As Singapore developed economically in the postwar period, toddy demand declined alongside the diminishing need for coolies. This trend continued post independence. Only four toddy shops remained in the 1970s and together they catered to a daily crowd of mere 300. The disappearing estates was a setback for the toddy industry, but the wider public—of growing affluence—wasn’t embracing the stigmatised beverage either. Even though the beverage hardly posed the same risk to society, tough regulations were inherited from the British and imposed by the new government of Singapore.
Toddy was prohibited at a time when consumption was at its minimum. The authorities cited many reasons, such as black-marketeering and adulterations, but these problems existed since colonial times. What stood out as new was their plan for urban renewal, and their laments about the lack of a suitable replacement site. In 1979, when the sole remaining toddy contractor ran into trouble with his tappers, the authorities found their chance to solve their problems all at once. Acting upon the recommendations of the National Wage Council, the tappers demanded a pay raise, but the contractor did not oblige. The Customs Department, which regulated toddy productions and sales in Singapore, turned down the contractor’s request to raise the tender price of toddy, which he had hoped to use to finance the demanded raise. By the end of the year, most of the tappers resigned. Receiving no toddy from the contractor, the Customs Department revoked his license. That was the last time the government issued a toddy license, and the drink was never again produced or sold in Singapore.
Without toddy, any kueh bluder produced in Singapore is missing a chapter of history. Its combination of a South Asian tipple and a Dutch ring cake manifests a cultural exchange between the coloniser and the colonised. The cake also testifies to the resilience of indigenous ways in the face of western domination—although this hinges on the tolerance of the latter. In Singapore, toddy survived the British rule because it was allowed to. The colonisers despised the beverage, but they also saw its benefits to the lucrative rubber industry. Toddy was likewise subject to the ambition of the post-independence government. Since it was deemed unfit for Singapore’s modern, high-value economy, its entire industry was rooted out, and the traditions around it had to be reimagined.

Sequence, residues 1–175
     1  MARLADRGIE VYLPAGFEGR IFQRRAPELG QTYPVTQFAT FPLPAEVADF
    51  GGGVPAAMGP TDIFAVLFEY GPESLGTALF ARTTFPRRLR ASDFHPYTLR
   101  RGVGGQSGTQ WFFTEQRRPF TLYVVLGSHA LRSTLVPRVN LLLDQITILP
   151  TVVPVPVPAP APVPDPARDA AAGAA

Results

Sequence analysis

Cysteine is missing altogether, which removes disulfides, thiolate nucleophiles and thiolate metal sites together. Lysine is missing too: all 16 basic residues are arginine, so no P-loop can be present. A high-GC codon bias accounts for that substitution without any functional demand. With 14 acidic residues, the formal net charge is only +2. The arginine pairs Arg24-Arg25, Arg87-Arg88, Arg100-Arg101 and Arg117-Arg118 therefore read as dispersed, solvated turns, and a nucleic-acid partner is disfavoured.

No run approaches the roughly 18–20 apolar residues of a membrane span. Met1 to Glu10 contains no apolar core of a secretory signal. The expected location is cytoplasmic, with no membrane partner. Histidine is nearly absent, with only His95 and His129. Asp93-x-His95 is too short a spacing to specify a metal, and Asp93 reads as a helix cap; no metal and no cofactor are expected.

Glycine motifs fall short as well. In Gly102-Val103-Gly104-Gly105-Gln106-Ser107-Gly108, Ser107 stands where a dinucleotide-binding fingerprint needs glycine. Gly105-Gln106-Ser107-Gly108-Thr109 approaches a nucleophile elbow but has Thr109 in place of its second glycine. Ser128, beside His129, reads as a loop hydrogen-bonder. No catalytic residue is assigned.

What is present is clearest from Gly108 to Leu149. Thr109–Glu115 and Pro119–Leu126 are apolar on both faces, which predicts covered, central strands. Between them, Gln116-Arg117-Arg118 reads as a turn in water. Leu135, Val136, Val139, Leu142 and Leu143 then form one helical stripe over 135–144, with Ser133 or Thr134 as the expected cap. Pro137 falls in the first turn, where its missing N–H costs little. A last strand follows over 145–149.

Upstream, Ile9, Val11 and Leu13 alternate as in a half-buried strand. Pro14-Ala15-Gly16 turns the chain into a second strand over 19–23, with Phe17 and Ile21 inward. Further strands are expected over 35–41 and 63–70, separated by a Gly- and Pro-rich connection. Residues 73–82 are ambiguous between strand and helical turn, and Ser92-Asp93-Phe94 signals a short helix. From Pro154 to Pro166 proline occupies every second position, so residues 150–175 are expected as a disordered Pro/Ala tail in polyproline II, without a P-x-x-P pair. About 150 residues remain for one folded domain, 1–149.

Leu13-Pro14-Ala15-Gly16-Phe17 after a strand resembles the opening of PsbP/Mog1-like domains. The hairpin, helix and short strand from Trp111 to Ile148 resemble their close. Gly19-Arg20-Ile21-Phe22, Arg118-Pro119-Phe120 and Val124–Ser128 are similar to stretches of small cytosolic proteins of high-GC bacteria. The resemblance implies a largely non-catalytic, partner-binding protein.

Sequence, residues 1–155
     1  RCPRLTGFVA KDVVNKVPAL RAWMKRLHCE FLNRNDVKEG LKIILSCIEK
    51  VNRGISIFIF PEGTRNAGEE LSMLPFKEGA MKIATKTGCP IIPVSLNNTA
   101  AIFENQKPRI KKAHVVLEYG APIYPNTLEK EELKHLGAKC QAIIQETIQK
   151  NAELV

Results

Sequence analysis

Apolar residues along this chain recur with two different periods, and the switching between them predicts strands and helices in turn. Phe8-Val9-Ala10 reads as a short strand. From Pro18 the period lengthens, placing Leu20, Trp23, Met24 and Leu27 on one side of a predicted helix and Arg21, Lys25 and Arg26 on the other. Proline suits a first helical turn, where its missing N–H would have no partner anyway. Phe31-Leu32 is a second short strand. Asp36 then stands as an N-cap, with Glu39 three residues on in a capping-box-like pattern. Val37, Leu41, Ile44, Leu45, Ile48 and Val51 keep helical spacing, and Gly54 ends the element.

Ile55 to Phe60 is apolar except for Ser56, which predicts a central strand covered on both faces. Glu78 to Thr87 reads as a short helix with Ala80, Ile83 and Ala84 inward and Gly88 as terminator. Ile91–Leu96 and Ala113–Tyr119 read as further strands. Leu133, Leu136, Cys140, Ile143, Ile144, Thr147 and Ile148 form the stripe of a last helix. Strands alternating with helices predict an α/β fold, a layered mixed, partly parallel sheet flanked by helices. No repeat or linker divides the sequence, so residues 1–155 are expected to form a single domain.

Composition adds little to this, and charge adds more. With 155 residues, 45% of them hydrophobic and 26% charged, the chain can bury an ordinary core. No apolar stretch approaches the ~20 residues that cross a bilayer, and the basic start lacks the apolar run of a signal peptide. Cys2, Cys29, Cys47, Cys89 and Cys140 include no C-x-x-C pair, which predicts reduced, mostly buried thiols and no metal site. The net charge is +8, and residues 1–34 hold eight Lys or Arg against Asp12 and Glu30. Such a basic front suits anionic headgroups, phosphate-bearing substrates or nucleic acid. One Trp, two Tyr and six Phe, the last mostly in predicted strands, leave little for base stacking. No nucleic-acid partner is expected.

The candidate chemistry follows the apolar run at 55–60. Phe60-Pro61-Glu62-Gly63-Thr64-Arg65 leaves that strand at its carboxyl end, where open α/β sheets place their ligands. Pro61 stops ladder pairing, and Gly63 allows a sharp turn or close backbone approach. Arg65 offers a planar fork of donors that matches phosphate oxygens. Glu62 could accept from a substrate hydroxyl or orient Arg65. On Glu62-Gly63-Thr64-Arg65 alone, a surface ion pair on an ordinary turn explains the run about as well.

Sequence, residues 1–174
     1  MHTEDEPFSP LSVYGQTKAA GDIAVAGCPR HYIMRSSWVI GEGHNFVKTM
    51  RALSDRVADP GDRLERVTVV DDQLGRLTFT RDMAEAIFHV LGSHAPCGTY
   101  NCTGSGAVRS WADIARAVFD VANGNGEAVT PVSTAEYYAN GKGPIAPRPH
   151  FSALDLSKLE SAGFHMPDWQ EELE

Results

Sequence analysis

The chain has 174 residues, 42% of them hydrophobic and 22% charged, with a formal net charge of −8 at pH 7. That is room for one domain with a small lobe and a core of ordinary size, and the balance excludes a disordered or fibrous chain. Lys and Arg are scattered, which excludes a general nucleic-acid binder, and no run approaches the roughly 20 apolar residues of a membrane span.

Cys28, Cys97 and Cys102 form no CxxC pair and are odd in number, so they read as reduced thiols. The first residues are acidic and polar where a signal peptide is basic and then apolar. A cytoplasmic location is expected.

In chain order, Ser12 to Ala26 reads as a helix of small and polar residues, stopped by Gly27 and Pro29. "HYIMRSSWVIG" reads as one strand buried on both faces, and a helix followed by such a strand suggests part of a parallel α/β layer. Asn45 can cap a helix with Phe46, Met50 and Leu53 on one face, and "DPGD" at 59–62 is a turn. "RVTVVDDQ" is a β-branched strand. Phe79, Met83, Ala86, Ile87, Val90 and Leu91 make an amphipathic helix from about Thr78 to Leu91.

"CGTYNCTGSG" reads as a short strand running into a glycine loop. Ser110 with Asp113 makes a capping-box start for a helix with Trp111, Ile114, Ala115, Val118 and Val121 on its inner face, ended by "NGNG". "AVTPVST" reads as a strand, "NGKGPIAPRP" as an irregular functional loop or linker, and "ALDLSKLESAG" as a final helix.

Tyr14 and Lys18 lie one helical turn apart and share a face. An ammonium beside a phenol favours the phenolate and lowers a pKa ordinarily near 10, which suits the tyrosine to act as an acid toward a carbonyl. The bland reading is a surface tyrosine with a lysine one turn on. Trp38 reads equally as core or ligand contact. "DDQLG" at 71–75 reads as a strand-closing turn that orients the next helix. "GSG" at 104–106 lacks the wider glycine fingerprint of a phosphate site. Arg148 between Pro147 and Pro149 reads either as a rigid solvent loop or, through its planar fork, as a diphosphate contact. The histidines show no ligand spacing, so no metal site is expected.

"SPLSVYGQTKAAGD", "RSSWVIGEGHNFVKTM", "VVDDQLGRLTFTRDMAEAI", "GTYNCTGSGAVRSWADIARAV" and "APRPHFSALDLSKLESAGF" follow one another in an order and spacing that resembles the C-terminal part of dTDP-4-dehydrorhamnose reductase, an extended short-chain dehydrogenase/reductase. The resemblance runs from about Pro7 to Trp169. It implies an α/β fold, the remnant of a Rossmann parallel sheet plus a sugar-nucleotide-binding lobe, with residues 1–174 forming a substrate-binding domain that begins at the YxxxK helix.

While toddy was becoming out of reach, bluder was also grappling with Singapore’s new economic reality. The cake typically took two days to bake. On top of the hassle to acquire toddy, the batter comprising egg yolks, flour and butter had to be fermented overnight in an earthen jar. Sometimes a blanket was used to keep it warm and cozy for toddy yeast to grow. Baking must wait till the following day after the batter had risen. When Singapore industrialised in the 1970s, more married women went to work and few had the time or patience for any laborious cooking. Even when toddy was still available, bluder was disappearing from homes, which were becoming sites for consumption rather than production.
But changing social mores is nothing like a toddy ban that gives the Eurasians no choice to perform their tradition. For people who produce bluder to express and preserve their underrepresented identity, the end of Singapore’s toddy industry may feel too personal.
That doesn’t mean that a culture completely disappeared. It evolved, instead, to adapt to changing circumstances, but still telling the stories of surrounding people and places. Just as toddy is important to witness bluder’s historical passage from the Netherlands to Ceylon, its absence traces the ensuing voyage down south and contextualises the cake within Singapore’s politics, market and economy. When developing a bluder recipe for his cookbook NerdBaker, Christopher Tan responds to the lack of toddy in Singapore with a mixture of coconut water and instant yeast. This recipe pays homage to the cake’s heritage, but also hints at Singapore’s pragmatism: what is incompatible with the state’s master plans is not important for anything else. The new bluder has an unsentimental touch, and it is Singaporean no doubt.
This story is based on my research for a Channel 5 programme about vanishing foods. Not all of my work made it into the half an hour episode (below), especially the parts that I find interesting. This is for the other geeks out there.
Tan, Christopher. Nerdbaker, pp. 53-56.
Interview with John Conceicao, a local Dutch Eurasian
Interview with Mary Gomez, a local Eurasian cook
Interview with the Singapore Malayalee Association